This is precisely the time for countries in the European Union (EU) to re-evaluate their trade relations with producer nations in order to protect local environment and prevent deforestation.

The relationship between deforestation and public health and cannot be denied. Unfortunately, in recent years the EU’s economic model has not paid sufficient attention to sustainability, trade and global forest management. So far, the EU’s approach to trade has ended up alienating the most important areas of biodiversity in Asia, while emboldening some of the biggest despoilers of biodiversity and polluters in the Americas. 

The Konrad Adenauer Foundation, the leading think-tank of Germany’s ruling political party, has published its own  report  on how EU policies have unfairly targeted Asian commodities by fostering  protectionist market dynamics which harm the environment.

In one case in point, the EU initiated a ban on the import of palm oil from 2030, as a means to reduce  deforestation in Asia. However, scientific evidence actually indicates that sustainably cultivated palm oil is far better than other seed oil alternatives – rapeseed, coconut, soy and sunflower. Those commodities need up to ten times more land to produce the same amount of oil. Therefore, instead of halting deforestation, the ban simply transfers the effects of ecological degradation elsewhere – namely within the EU on the back of domestically produced commodities.

Meanwhile the EU continues to import beef and soy, the top two contributors to deforestation globally. In fact, beef production requires more than double the forest land than for the production of soy, palm oil, and wood products combined. Land clearing for beef and soy production in the Amazon has reached a 12 year high, leading scientists to warn of an irreversible ‘tipping point’  that could mean huge drought, forest death, and release of great amounts of stored carbon to the atmosphere.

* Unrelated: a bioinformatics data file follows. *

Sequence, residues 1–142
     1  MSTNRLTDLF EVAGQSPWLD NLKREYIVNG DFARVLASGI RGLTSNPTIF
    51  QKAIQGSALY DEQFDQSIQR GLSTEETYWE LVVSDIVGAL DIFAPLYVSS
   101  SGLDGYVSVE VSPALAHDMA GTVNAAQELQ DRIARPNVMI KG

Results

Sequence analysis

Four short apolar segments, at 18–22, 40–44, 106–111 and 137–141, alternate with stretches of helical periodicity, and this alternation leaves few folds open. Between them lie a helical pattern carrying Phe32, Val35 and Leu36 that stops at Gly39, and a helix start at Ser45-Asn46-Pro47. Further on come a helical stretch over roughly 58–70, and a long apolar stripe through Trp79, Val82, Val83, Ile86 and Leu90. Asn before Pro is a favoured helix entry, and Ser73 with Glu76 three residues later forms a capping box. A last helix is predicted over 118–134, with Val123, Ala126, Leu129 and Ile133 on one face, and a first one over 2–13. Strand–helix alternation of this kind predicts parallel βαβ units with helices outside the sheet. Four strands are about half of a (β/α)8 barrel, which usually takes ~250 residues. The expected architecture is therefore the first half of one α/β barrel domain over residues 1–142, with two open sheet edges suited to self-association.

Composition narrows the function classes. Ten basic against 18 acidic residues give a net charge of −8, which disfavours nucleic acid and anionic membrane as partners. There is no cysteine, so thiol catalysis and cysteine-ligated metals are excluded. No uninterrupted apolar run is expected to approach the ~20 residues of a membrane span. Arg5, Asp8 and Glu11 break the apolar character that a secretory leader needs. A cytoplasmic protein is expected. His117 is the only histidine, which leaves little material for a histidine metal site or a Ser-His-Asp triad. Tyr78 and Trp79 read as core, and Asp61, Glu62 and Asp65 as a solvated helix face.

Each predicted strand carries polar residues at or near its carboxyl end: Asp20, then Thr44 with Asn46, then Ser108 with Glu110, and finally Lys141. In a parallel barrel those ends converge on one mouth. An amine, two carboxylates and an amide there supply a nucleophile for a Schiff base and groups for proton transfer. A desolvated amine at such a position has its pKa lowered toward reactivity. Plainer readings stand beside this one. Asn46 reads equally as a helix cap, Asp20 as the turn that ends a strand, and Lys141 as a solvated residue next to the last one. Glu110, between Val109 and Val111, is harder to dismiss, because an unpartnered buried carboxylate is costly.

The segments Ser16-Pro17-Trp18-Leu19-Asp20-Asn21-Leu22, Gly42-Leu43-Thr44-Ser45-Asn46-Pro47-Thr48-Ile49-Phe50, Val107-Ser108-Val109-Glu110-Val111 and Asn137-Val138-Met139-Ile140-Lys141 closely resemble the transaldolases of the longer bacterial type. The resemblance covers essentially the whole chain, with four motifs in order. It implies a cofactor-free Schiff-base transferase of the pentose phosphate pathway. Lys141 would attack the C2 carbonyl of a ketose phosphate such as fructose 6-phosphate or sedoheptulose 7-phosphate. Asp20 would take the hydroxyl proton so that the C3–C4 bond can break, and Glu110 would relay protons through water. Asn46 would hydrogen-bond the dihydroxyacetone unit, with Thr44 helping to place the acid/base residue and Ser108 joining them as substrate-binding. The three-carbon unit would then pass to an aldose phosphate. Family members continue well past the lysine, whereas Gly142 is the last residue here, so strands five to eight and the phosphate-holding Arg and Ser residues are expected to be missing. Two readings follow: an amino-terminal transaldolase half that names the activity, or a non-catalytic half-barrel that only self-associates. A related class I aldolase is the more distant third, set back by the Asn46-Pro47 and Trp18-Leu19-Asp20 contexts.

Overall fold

As the Konrad report indicates, the move to ban palm oil while maintaining beef and soy imports is a double standard that has created a trust gap between the EU and ASEAN nations. This has inhibited collaborative efforts to combat deforestation as EU policies exclude ASEAN nations from important sustainability debates. Moreover, the EU ban does nothing to cease palm oil production. Producer nations will continue to produce without adhering to EU environmental standards and regulations. This will spell disaster, not only for the diverse wildlife found in Asia’s tropical forests, but for humanity’s public health – a correlation which cannot be divorced from the economy.

If the EU sought out a trade deal with ASEAN then it could integrate mandatory sustainable standards and enforce regulations to produce sustainable palm oil and limit deforestation.  The EU could also work with existing schemes like the Malaysian Sustainable Palm Oil (MSPO) standard, which purportedly meets the EU’s key sustainability criteria and is the standard against which almost 90% of Malaysian palm oil is now produced.

This is an example of how the EU has overlooked Asian success stories in creating adaptable blueprints through strict and proactive measures which have largely kept the virus at bay and allowed their economies to stay afloat. While Europe’s economy is only expected to grow by 3.7% in 2021, ASEAN nations are predicted to rebound over 6%.

That means we could have the best of both worlds; trade that opens up two powerhouse regions to a new era of economic vitality and cooperation – underpinned by ecological conservation through an unfailing commitment to protect pristine ecosystems, exotic wildlife and precious forests.

 The EU should use the lessons of the pandemic to capitalize on its environmental goals, working with producer nations to ensure they are participating in ethical markets and enforcing sustainable practices which maintain biodiversity.

If the EU can build a global coalition with Asia, which prioritises trade and sustainability, they can underpin a bold new era in the fight for thriving, Covid-free economies.

Such cooperation would empower the European Union to encourage environmental consciousness across Asian economies—by incentivising compliance with laudable environmental goals and dis-incentivising noncompliance. There would be significant economic benefits to EU consumers as well like access to efficient and affordable edible oils from rapidly growing emerging markets. While in turn the producer would have access to the EU’s uniquely large market.

These are clearly more than enough reasons to compel the EU to act. Let’s hope they start soon.